[*The architect's contractual role during construction is typically established by the General Conditions of the Contract such as AIA Document A-201 or by similar documents and/or amendments thereto.]

Thursday, May 7, 2009

Masonry Design: Not-Quite-Through-Wall Flashing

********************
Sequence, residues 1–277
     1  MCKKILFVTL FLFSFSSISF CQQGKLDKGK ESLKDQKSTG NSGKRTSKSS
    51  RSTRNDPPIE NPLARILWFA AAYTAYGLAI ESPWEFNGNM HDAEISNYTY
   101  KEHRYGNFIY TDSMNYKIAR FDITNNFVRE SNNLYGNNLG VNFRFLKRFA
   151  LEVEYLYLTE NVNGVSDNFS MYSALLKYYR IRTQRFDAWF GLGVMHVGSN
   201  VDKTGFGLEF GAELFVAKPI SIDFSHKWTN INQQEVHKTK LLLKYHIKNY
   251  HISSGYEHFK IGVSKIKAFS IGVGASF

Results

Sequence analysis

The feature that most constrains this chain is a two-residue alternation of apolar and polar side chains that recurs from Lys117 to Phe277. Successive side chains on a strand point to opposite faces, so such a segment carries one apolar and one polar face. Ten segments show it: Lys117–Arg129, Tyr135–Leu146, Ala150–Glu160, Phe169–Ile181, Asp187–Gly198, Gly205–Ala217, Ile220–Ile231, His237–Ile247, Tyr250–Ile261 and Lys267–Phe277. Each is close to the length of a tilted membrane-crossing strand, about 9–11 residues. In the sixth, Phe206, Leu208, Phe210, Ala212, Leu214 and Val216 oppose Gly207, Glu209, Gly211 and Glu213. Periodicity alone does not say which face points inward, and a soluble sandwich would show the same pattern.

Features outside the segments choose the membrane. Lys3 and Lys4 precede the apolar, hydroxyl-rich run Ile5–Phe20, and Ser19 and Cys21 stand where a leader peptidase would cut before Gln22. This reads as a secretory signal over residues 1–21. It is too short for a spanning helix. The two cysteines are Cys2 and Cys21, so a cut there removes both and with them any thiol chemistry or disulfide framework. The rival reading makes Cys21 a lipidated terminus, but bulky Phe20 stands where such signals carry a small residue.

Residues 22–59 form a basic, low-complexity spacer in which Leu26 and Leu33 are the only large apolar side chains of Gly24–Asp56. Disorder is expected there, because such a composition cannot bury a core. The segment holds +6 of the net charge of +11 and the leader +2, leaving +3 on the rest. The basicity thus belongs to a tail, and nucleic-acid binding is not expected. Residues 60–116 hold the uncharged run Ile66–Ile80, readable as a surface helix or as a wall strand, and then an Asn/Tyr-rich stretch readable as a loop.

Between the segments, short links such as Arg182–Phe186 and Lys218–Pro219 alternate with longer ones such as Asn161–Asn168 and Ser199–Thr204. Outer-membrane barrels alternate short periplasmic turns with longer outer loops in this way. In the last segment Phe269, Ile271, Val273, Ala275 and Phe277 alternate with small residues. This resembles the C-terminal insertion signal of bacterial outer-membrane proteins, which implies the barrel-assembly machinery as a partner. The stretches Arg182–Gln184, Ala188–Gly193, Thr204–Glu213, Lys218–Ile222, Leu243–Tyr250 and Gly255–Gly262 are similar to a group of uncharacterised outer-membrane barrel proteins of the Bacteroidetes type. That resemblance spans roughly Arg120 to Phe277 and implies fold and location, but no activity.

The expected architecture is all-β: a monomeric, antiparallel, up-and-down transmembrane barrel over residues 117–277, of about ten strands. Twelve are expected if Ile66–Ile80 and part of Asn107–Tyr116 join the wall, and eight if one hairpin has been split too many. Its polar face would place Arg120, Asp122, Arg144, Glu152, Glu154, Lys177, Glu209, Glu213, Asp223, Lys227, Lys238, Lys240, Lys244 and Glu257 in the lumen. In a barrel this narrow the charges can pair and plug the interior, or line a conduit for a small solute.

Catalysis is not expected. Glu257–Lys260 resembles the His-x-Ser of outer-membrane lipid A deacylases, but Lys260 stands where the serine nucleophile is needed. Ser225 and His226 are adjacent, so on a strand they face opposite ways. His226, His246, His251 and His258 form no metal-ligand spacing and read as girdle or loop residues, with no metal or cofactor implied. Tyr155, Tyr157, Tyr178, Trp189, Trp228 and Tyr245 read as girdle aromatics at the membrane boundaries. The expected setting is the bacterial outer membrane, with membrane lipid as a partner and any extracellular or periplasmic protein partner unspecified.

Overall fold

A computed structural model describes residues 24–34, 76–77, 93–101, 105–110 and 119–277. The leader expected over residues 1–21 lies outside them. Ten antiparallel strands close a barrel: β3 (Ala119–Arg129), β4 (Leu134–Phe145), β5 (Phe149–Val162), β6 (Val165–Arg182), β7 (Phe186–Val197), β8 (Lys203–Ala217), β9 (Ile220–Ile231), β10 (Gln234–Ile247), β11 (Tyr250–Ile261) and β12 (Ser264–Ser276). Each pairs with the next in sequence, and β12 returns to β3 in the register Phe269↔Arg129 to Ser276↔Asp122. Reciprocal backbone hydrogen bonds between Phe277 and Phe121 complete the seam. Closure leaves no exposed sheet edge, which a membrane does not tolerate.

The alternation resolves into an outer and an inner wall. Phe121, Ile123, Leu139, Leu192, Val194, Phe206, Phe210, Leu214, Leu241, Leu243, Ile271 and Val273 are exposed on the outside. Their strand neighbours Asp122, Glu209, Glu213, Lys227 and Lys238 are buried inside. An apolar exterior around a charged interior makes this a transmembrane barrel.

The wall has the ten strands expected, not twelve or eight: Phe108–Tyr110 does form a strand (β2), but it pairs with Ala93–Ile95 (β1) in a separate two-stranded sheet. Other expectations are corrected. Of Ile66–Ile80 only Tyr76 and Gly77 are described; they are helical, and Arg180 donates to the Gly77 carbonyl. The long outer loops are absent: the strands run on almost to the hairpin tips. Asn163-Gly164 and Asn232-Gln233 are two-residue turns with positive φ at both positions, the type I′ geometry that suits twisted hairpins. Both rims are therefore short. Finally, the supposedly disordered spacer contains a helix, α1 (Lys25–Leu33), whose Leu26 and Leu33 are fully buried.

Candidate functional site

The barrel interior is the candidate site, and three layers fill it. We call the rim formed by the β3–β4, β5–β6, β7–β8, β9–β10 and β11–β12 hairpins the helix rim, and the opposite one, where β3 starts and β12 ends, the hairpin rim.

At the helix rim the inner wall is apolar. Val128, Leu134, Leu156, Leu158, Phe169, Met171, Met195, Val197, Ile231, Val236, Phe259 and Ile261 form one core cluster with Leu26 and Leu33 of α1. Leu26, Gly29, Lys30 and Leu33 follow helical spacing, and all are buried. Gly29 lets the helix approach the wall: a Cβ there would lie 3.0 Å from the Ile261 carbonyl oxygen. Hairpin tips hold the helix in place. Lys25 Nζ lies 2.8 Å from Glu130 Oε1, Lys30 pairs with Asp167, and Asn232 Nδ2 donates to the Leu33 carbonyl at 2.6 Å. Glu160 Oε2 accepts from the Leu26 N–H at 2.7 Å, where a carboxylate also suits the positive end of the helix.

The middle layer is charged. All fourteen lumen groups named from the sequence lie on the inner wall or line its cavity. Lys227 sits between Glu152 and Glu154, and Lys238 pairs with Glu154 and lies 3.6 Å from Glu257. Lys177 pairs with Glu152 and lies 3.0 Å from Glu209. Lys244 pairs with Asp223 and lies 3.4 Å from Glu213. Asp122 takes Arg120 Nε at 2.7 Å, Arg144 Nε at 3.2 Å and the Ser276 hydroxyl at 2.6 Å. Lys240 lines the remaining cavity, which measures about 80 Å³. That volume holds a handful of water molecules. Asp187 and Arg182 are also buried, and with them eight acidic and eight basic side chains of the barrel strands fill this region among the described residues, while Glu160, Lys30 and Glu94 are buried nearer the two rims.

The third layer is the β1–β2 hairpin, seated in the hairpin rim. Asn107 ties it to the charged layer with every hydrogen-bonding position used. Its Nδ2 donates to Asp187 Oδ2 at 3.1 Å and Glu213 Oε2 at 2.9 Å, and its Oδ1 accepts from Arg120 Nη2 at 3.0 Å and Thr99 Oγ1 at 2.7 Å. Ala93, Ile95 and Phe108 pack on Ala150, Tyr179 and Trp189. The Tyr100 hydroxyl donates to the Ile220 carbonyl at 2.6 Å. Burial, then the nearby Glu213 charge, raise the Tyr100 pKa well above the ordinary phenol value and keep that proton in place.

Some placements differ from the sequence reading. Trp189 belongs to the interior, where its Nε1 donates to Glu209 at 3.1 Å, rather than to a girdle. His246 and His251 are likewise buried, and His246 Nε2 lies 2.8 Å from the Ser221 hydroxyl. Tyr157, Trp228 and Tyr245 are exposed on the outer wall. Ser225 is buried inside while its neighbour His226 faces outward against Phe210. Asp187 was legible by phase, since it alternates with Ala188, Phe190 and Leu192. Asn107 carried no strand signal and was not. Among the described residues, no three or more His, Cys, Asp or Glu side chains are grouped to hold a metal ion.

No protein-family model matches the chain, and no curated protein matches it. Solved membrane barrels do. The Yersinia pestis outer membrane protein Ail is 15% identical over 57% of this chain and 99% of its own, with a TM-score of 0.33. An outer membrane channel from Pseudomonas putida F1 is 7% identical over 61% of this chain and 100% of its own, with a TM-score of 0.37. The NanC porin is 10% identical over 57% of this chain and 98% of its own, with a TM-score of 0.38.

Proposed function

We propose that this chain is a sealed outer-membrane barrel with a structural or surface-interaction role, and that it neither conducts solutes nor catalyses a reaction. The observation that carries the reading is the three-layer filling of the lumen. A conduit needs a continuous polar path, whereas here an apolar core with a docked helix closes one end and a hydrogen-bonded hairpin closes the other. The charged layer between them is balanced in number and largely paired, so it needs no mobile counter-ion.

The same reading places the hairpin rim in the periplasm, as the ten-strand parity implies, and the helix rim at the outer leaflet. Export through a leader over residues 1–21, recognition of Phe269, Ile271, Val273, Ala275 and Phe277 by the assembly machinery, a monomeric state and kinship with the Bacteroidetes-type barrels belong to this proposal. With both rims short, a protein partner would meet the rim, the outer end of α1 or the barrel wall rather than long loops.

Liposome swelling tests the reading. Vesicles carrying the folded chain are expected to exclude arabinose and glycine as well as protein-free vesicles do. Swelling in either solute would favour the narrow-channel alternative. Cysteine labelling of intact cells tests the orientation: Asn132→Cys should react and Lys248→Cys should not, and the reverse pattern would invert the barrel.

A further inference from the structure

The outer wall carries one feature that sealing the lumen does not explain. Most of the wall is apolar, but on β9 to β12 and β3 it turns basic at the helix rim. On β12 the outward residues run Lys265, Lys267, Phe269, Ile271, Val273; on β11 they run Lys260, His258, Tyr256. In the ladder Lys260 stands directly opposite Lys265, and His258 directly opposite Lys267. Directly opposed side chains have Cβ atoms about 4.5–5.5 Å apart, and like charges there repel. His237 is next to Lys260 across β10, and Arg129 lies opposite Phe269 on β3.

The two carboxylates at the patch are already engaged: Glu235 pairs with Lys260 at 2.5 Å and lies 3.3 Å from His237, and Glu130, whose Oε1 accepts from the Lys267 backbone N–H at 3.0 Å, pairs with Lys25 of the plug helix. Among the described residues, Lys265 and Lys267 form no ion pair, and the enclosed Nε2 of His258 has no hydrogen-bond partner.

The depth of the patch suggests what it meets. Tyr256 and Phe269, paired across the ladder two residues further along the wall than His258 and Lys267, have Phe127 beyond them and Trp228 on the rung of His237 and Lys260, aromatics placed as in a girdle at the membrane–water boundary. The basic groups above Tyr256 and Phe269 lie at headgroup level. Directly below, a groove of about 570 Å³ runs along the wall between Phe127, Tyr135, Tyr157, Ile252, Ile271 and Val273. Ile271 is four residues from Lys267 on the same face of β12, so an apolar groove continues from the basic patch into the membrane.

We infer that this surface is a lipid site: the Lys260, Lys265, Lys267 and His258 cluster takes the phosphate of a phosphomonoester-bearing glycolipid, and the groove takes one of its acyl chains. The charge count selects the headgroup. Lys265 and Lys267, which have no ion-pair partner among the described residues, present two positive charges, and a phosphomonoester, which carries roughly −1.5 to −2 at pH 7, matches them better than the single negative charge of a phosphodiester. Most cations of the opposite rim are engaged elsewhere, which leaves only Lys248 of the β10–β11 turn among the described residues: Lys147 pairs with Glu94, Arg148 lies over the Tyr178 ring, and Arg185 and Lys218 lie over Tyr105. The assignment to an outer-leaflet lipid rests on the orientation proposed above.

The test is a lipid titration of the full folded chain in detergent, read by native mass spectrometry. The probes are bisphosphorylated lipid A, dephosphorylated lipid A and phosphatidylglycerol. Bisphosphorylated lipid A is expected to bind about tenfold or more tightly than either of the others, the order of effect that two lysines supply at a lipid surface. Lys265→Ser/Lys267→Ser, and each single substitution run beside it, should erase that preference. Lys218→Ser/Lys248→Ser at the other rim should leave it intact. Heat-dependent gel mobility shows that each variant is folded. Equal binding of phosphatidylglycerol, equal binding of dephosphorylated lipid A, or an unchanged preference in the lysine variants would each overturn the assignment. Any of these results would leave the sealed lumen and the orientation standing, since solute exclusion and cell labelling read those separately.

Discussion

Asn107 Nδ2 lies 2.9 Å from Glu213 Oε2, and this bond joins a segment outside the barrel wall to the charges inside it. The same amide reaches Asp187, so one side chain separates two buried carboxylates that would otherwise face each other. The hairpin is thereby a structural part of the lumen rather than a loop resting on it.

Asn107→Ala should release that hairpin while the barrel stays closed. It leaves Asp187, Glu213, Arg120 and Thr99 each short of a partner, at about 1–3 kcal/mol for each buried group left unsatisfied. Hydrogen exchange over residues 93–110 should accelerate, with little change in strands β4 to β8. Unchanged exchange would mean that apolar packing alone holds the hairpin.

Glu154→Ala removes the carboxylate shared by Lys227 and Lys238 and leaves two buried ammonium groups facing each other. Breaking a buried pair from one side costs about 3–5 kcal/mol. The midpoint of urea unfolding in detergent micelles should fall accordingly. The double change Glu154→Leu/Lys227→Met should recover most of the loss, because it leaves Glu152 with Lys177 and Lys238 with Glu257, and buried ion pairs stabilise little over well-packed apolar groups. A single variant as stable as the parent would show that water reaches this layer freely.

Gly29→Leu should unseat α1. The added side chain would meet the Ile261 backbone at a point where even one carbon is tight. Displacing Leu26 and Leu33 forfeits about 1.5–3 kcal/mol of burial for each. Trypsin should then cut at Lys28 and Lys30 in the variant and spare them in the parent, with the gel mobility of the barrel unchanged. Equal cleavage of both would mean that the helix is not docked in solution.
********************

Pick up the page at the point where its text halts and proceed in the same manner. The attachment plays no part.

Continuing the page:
Through-wall flashing is a common water management feature of masonry cavity wall and veneer construction. It is most effective if its outer edge is beyond the outer face of the wall and is turned down to form a drip edge and help water fall away from the joint under the flashing. It can be ineffective and result in leaks into a building if the outer edge of the flashing is concealed within the wall. In at least one case, a leak was attributed to flashing that stopped above the core holes of extruded brick. The design relied on the through-wall flashing to protect the building interior, but water which was intended to be conveyed out of the wall by the through-wall flashing was instead allowed to re-enter the wall and subsequently find its way to the building interior. Apparently, someone did not want to see the edge of the flashing coming out through the wall. At the time of construction it was common for the flashing to be coated with asphalt, and the asphalt coating - not especially attractive in any case - would melt under sunlight and over time it would drip and stain the face of the wall below. More attractive materials are widely used today, including drip edges of proprietary compositions or even stainless steel. The more attractive materials are likely to be more expensive. However, stopping the flashing within the wall may be the most expensive option of all, considering the possible costs of leak remediation.